When Henry’s daughter Elizabeth became Queen in 1558, England’s control over Ireland was at a low ebb. Just the year before, the first in a long series of rebellions against English rule had broken out in Ulster. Although not successful, this rebellion confirmed for Elizabeth that more stringent measures would have to be taken to stabilise English domination once and for all. English jurisdiction was established in Connaught and Munster despite a number of rebellions by the local ruling families. The forests of Ireland were proving invaluable as a source of wood for shipbuilding, and oak was turned into charcoal for smelting ores. Strategically, too, Ireland was important as a possible back door for an invasion from England’s enemies in mainland Europe. First she imposed the Anglican faith upon the hostile Catholic population and then she began steadily expanding the previously unsuccessful plantation system.

In 1571, another of the FitzGerald nobles led a further revolt against English rule. The uprising sparked off a savage war in Munster, during which the Province was laid waste. It ended with further destruction of the FitzGerald dynasty and the confiscation of what remained of their vast estates.

The success of Elizabeth’s policies was borne out when the survivors of the 1588 Spanish Armada were washed up on the west coast of Ireland and were mostly massacred by the local Irish sheriffs and their forces.

The thorn in Elizabeth’s side was Ulster, the last outpost of the Irish Chiefs. Hugh O’Neill, Earl of Tyrone, was the prime mover in the last serious assault on English power in Ireland. As a boy, Hugh O’Neill had been taken into the care of Elizabeth’s viceroy, Sir Henry Sidney, and raised as an English nobleman.  After returning to his native County Tyrone, he had shown his loyalty by helping to suppress the Desmond rebellion in Munster.  In 1587 he was recognised as Earl of Tyrone, and was granted extensive territory under the English Crown.  A year later, however, he ignored a government order to execute survivors of the Spanish armada who landed in Ireland, and in Dublin there were increasing doubts about O’Neill’s loyalty.  The doubts were justified.  O’Neill was allowed to keep 600 men in arms at the Queen’s expense, and by regularly changing them he was able to train a substantial army.  A story is told of O’Neill ordering lead from England to roof his new castle at Dungannon;  in reality it was for making bullets.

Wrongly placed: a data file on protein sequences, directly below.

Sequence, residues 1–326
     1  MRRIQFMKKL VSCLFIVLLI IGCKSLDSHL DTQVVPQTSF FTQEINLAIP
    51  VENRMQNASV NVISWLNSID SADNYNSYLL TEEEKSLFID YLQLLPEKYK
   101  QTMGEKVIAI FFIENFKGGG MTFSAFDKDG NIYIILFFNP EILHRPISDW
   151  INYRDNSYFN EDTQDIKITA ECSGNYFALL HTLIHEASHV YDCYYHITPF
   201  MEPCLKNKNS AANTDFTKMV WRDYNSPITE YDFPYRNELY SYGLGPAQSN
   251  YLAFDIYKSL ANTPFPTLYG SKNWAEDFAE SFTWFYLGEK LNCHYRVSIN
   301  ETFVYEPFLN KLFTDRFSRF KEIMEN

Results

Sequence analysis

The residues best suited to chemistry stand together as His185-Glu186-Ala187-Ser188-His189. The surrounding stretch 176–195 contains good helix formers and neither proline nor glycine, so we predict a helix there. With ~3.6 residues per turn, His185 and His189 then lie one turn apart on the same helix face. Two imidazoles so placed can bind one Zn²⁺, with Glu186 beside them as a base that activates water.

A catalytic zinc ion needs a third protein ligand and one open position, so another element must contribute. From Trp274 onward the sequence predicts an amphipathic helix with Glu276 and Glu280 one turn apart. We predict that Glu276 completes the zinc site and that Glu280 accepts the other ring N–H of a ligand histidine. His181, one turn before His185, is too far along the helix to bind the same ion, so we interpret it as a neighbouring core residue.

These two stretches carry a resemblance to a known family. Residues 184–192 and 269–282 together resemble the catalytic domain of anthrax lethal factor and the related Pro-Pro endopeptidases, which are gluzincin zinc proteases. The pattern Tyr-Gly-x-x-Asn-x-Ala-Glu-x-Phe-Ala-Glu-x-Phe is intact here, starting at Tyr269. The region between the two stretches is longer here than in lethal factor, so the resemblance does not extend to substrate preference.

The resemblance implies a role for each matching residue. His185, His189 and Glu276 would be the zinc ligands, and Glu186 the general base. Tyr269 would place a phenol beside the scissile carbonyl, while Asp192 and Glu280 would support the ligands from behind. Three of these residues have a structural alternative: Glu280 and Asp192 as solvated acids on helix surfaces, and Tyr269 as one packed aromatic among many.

Elsewhere in Ireland, English government was tightening its grip.  In Connacht, the Gaelic lords had submitted to the English Crown.  In Munster, following the defeat of the second Desmond rebellion in 1583, English settlers had acquired confiscated land.  In Ulster, though, there were no English settlers or garrisons west of Lough Neagh.  With its mountains, lakes and forests, the region was eminently defensible, and O’Neill found a vigorous ally in Red Hugh O’Donnell of Tyrconnell, who had escaped from imprisonment in Dublin.  In 1593, O’Neill took the now illegal Gaelic title of “The O'Neill” and prepared to lead the Ulster chiefs in defence of territory and religion.

 From 1594, O’Neill moved into open conflict with the English and thus began the Nine Years War (1594-1603). He proved a courageous and crafty foe, and the English forces stepped up their campaign against him, but met with little success until 1601.

O’Neill was a skilful commander, and his troops exploited the difficult terrain to harry the English columns.  In 1595, he won a handsome victory at Clontibret, near Monahan, over an army commanded by his brother-in-law, Sir Henry Bagenal.  Bagenal was to lose his life during the Battle of the Yellow Ford, on the River Blackwater, in 1598.  This was O’Neill’s greatest triumph.

The Irish rose up in rebellion in 1594 and defeated an English army at the "Ford of Biscuits". However, with the arrival from England in 1600 of the very capable Lord Mountjoy as the new governor, the Irish rebellion appeared to be undermined.


The Battle of Yellow Ford